Speaking on steps the government should take to address some of the issues at the IDP camps in Benue, Huna Aondona Samuel, Program Coordinator, First Step Action for Children Initiative task government to come up with development plan for education on Emergency by providing infrastructure to creat a conducive environment for learning. Recruit teachers in the schools establish in IDP camps
“Government should introduce free education in Emergency to ensure that there is no break in education.”
Beyond advocating for development plan or policy on education in emergency nonGovernmental Organisation should provide educational materials, supply of WAsH facilities in all the schools provide by government.”
Apart from education, irregular feeding is also major challenge faced by teenagers in Gbajimba Internal Displaced Person (IDP) Camp.
Like Msena Umege, 14-year-old Msendoo Mfanyi, from Aplela community in Guma Local Government Area, revealed that life hasn’t been the same since their community was invaded by headers.
According to Msendoo, “I am here at the camp because Fulani herdsmen chased us out of our village. After they invaded our village, my family and I are taking refuge in the camp. The government provides feeding for us, but it is not regularly. The food is not available all the time. We work in government farmlands that are close by. From what we are paid, we buy the small ingredients to cook,” she added.
Also 10-year-old Kumasoon Ajege, a native of Ukongu, Usenda in Guma Local Government Area revealed that he was in the camp because his community was displaced by Fulani herdsmen.
“We haven’t been able to get back to our village, they have been bringing food for us but it is not always.”
Human rights activists, and coordinator NOPRIN, Emmanuel Ikule, an Indigene of Benue state, strongly believe that there is so much the government should do in terms of providing security for the needed population. Learning with an empty stomach is not possible. So the displaced population should be supported with food to aid them to concentrate.”
According to Ikule, “a child can only learn in a secure environment. Government should liaise with SUBEB to provide a curriculum and teachers who will educate those IDP camps.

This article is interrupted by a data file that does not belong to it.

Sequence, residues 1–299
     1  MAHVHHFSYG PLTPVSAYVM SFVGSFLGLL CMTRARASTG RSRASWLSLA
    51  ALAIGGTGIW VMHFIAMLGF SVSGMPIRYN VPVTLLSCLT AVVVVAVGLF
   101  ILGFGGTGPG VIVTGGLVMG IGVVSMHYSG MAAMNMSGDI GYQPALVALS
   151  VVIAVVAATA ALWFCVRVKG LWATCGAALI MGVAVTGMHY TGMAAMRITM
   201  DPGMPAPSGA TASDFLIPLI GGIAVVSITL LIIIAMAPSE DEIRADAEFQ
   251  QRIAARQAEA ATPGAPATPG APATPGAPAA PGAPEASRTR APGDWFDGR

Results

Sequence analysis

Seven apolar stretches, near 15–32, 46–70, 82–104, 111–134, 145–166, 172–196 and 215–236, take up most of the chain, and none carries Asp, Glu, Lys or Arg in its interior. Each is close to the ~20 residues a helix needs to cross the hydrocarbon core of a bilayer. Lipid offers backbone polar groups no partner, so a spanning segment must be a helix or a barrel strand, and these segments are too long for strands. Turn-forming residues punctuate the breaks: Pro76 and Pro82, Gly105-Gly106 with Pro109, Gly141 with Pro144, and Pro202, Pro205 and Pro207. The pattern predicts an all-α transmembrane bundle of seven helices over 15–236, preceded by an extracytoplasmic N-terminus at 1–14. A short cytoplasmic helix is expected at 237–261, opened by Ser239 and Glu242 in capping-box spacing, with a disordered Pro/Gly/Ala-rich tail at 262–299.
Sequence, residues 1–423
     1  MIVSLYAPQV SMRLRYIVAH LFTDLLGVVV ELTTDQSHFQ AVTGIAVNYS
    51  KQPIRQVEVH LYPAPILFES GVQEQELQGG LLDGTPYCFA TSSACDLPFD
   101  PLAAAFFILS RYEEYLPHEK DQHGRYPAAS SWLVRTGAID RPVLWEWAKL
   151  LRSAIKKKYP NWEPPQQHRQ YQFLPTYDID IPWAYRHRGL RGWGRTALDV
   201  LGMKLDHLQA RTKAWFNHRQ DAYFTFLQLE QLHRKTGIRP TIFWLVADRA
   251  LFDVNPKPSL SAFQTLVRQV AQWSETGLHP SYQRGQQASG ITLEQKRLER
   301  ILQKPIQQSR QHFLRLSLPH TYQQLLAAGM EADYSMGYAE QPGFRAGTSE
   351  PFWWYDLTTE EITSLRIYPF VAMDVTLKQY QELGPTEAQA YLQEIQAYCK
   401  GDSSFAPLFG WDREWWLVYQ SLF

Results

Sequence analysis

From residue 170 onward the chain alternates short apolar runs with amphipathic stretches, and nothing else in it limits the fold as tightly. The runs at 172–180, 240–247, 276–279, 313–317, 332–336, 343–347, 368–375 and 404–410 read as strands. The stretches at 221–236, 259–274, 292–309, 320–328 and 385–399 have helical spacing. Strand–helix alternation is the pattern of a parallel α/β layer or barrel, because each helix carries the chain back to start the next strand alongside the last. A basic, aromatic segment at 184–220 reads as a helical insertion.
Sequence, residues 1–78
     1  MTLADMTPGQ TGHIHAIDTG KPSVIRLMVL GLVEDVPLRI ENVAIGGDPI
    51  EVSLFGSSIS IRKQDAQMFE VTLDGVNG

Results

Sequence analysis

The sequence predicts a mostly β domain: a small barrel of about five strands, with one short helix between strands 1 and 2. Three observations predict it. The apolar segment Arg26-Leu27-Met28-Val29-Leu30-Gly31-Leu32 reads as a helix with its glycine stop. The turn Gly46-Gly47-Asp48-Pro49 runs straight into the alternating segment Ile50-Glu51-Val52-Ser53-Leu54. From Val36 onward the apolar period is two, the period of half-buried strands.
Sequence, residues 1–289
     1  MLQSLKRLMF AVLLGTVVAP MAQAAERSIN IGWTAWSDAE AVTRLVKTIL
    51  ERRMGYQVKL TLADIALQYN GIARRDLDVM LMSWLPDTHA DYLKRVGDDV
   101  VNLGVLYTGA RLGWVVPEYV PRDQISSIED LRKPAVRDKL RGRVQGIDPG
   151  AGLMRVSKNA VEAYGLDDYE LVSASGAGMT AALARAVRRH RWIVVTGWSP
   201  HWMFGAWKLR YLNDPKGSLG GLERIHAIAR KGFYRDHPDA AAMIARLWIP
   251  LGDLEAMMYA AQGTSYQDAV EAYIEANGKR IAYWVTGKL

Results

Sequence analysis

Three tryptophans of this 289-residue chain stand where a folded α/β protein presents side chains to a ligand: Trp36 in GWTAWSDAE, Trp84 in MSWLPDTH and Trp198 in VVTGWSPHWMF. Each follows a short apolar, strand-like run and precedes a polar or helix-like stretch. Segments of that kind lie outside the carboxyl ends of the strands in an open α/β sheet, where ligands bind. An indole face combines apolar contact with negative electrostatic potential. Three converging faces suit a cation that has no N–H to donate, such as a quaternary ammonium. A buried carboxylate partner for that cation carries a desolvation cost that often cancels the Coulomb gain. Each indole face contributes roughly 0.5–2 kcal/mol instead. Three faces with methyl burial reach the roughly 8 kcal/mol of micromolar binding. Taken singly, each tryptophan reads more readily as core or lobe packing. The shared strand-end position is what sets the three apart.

“If the government provides the above within a duration of three to six months, they can start working on the integration, and resettlement of IDPs for return to their places of abode. The government should also work with local leaders to rebuild, rehabilitate school structures that were destroyed.
“Also civil society, that work in health, education, psychosocial, and livelihood should volunteer their expertise to complement the efforts of the government.
“There is a need for donor agencies too to support the above non-governmental organisations with needed funds to work better.
“Also, CSOs in the education sector can support education with scholarships to serious-minded students. Alternative education/ vocational training also should be available to complement the conventional schools in place.”
Liambee David Age, Mimidoo Initiative for Empowerment and Development (MIED) noted that civil society organisations should provide counselling support and other alternatives for IDPs interested in vocational skills and business training.
“Organisations should collaborate with the Civil Society organisations to provide support and follow up on IDPs for effective implementations.
“Government should support the IDPs teachers and also provide other support from the ministry of education with more teachers and effective processes to ensure IDPs are not left out of school
“If resources are available with a good monitoring system to ensure sustainability and continuity of the process I think this will help. Because resources might be wrongly used, at first.”